Administration on Intellectual and Developmental Disabilities
The DDC is a federally funded program supported by the by the Administration on Intellectual and Developmental Disabilities (AIDD), US Department of Health and Human Services, and authorized by the Developmental Disabilities Assistance and Bill of Rights Act of 2000, Public Law 106-402 (42 USC 15001), dated October 30, 2000.
ADD ensures that individuals with developmental disabilities and their families participate in the design of and have access to culturally-competent needed community services, individualized supports, and other forms of assistance that promote self-determination, independence, productivity, and integration and inclusion in all facets of community life.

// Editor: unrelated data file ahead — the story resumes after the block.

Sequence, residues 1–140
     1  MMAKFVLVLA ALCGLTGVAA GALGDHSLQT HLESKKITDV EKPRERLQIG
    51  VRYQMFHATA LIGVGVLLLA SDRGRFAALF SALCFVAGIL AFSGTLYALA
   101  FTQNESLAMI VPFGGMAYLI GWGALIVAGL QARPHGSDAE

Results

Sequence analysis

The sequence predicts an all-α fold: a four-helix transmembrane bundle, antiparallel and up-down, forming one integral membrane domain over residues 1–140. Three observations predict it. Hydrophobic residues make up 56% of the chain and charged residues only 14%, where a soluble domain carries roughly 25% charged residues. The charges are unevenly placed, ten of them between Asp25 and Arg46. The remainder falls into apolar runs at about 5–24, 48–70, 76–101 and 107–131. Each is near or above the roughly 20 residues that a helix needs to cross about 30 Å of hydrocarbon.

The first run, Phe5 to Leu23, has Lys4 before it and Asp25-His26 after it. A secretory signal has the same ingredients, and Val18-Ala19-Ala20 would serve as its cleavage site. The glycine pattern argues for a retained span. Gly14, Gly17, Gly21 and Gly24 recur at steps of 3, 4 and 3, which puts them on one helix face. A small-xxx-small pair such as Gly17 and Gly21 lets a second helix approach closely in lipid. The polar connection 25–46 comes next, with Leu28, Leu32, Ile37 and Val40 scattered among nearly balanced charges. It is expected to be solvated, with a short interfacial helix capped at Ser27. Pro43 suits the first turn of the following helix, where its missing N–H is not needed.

ADD’s major goal is for grantees to partner with state governments, local communities and the private sector to assist people with developmental disabilities by helping them to reach their maximum potential through increased independence, productivity and integration within the community.
Grants fund activities in eight areas of emphasis:
- quality assurance;
- education and early intervention;
- child care;
- transportation; and
- recreation activities.
The Developmental Disabilities Grant Programs are comprised of three state-based programs that collaborate with each other as well as with other entities in their respective States. They are:
- State Councils on Developmental Disabilities (SCDD);
- State Protection and Advocacy Agencies (P&As); and
- National Network of University Centers for the Excellence in Developmental Disabilities Education, Research and Services (UCEDD).
A fourth program is directed toward national concerns:
In FY 2010, $187 million is available for the Administration on Developmental Disabilities programs.